Cases ofchild abuse in domestic service monitored in the Juvenile Court in Colombo in one period in 1991 and newspaper reports of cases in the last five years clearly reveal the leniency of the judical attitudes in this regard. The case studies reported in this paper bring out the dimension of leniency sharply, and indicate how courts 'settle' or 'compound' cases of child abuse because of concern with protecting adult interests. These receive greater attention than the child's interests which the courts are mandated to protect. The reluctance to impose severe sentences on adults appears to be based on considerations such as the adult's family responsibilities or the time he/she has already spent in remand or their professional standing in the community, and the police perception that these are 'minor' offences. The award of financial compensation to the child is considered adequate relief for the victim and an adequate reflection of the court's and community's disapproval of the conduct.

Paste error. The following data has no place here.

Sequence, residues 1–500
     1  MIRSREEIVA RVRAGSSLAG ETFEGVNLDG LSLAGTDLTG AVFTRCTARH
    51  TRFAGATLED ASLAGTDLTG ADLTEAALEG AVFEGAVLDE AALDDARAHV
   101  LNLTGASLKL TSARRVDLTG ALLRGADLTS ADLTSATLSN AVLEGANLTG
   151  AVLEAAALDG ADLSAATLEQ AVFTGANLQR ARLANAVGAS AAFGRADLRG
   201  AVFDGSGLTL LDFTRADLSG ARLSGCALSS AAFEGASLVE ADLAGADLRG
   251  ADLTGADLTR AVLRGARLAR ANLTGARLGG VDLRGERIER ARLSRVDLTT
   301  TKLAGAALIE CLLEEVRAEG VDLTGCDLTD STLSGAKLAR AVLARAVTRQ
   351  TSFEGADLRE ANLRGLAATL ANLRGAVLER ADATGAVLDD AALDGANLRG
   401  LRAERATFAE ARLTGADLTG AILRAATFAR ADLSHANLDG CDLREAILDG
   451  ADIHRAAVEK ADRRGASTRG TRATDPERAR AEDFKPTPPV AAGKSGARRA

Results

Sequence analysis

Compensation is awarded in crimes of violence such as rape and calculated in terms of loss of virginity. The payment is perceived as the adequate and necessary relief that must be granted through the legal system. We have observed that these judical attitudes are an outcome of values associated with the custom of the virginity test, and the Roman Dutch law perception of seduction as a civil injury entitling a girl to compensation and damages. In
a superior cour is an important nOun Cement O. several young I raped a young g received reduce appeal. Severa have reversed se peal and Suspen
Ironically the c abuse is treated by judges, lawy lice. Case stud this paper ind child victim of ported to and frc Court in the sa used for childt with the law. T victim is placec institution has ception that he / and is suffering The child is ofte all the authoriti a child placed'iu is a cruel iron where the lega meant to enSur turing.